The following table describes the fields of an access log record.

FieldDescription
timeRequest time in seconds since epoch
response_timeResponse time in milliseconds
client_ipClient source IP address
status_codeSquid request status and HTTP response code sent to the client. For example, a HTTP request to an unallowed domain logs TCP_DENIED/403, and a HTTPS request to a whitelisted domain logs TCP_TUNNEL/200
sizeTotal size of the response sent to client
methodRequest method like GET or POST.
urlRequest URL received from the client. Logged for HTTP requests only
sniDomain name intercepted in the SNI. Logged for HTTPS requests only
remote_hostSquid hierarchy status and remote host IP address
mimeMIME content type. Logged for HTTP requests only

The following are some examples of access log records:


1563718817.184 14 10.0.0.28 TCP_DENIED/403 3822 GET http://example.com/ - HIER_NONE/- text/html
1563718821.573 7 10.0.0.28 TAG_NONE/200 0 CONNECT 172.217.7.227:443 example.com HIER_NONE/- -
1563718872.923 32 10.0.0.28 TCP_TUNNEL/200 22927 CONNECT 52.216.187.19:443 calculator.s3.amazonaws.com ORIGINAL_DST/52.216.187.19 –   

Designing a high availability solution

The Squid instances introduce a single point of failure for the private subnets. If a Squid instance fails, the instances in its associated private subnet cannot send outbound traffic anymore. The following diagram illustrates the architecture that I propose to address this situation within an Availability Zone.
 

Figure 2: The architecture to address if a Squid instance fails within an Availability Zone

Figure 2: The architecture to address if a Squid instance fails within an Availability Zone

Each Squid instance is launched in an Amazon EC2 Auto Scaling group that has a minimum size and a maximum size of one instance. A shell script is run at startup to configure the instances. That includes installing and configuring Squid (see Running Commands on Your Linux Instance at Launch).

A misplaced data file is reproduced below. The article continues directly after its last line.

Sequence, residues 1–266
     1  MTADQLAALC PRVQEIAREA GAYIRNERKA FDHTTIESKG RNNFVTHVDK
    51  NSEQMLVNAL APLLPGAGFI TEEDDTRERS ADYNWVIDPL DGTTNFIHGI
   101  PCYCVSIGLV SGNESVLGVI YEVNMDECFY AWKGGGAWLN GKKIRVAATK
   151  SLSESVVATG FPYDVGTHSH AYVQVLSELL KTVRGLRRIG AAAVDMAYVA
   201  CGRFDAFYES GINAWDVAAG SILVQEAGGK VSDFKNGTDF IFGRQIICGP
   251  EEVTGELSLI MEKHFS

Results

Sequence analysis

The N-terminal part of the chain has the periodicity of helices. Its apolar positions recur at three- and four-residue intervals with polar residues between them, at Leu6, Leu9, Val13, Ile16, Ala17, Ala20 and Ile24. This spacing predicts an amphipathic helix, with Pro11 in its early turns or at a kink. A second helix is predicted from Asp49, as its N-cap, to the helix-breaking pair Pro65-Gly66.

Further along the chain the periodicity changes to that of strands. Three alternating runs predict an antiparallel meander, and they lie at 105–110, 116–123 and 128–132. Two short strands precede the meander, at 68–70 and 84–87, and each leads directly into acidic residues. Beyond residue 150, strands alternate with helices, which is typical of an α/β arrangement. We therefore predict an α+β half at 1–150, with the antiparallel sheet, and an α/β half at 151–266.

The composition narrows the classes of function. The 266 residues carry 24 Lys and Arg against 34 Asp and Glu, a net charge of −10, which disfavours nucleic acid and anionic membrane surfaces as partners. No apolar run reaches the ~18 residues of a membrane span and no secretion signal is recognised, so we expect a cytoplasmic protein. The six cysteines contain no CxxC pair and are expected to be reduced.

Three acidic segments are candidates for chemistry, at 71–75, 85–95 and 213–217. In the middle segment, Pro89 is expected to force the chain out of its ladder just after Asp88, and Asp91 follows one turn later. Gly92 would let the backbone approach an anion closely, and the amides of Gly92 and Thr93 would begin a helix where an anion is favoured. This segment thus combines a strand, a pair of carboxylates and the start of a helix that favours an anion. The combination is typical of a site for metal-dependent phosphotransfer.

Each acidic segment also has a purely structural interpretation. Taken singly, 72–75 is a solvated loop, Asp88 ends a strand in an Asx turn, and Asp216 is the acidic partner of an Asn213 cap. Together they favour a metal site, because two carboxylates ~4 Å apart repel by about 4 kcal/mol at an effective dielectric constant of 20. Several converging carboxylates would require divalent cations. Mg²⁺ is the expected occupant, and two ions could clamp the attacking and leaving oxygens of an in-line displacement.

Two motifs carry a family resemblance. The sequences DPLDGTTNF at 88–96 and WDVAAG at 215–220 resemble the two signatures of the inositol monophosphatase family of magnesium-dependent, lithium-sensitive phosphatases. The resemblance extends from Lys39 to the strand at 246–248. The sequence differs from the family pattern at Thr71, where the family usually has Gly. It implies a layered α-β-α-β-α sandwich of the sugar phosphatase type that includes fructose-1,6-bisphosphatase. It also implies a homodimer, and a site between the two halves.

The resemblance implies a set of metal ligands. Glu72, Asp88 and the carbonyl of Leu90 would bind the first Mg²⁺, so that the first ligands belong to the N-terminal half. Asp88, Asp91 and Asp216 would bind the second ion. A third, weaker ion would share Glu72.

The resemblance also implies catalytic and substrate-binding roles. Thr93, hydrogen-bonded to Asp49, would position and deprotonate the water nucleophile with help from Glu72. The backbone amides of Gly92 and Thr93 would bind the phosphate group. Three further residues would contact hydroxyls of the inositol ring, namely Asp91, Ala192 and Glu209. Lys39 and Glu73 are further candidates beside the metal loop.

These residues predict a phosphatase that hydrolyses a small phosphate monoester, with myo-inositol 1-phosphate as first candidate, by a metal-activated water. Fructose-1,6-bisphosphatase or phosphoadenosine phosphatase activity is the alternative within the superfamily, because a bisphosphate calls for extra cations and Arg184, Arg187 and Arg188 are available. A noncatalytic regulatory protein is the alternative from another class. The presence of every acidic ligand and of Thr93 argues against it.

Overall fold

The solution uses the CloudWatch Agent and its procstat plugin to collect the CPU usage of the Squid process every 10 seconds. For each Squid instance, the solution creates a CloudWatch alarm that watches this custom metric and goes to an ALARM state when a data point is missing. This can happen, for example, when Squid crashes or the Squid instance fails. Note that for my use case, I consider watching the Squid process a sufficient approach to determining the health status of a Squid instance, although it cannot detect eventual cases of the Squid process being alive but unable to forward traffic. As a workaround, you can use an end-to-end monitoring approach, like using witness instances in the private subnets to send test requests at regular intervals and collect the custom metric.

When an alarm goes to ALARM state, CloudWatch sends a notification to an Amazon Simple Notification Service (SNS) topic which then triggers an AWS Lambda function. The Lambda function marks the Squid instance as unhealthy in its Auto Scaling group, retrieves the list of healthy Squid instances based on the state of other CloudWatch alarms, and updates the route tables that currently route traffic to the unhealthy Squid instance to instead route traffic to the first available healthy Squid instance. While the Auto Scaling group automatically replaces the unhealthy Squid instance, private instances can send outbound traffic through the Squid instance in the other Availability Zone.

When the CloudWatch agent starts collecting the custom metric again on the replacement Squid instance, the alarm reverts to OK state. Similarly, CloudWatch sends a notification to the SNS topic, which then triggers the Lambda function. The Lambda function completes the lifecycle action (see Amazon EC2 Auto Scaling Lifecycle Hooks) to indicate that the replacement instance is ready to serve traffic, and updates the route table associated to the private subnet in the same availability zone to route traffic to the replacement instance.

Implementing and testing the solution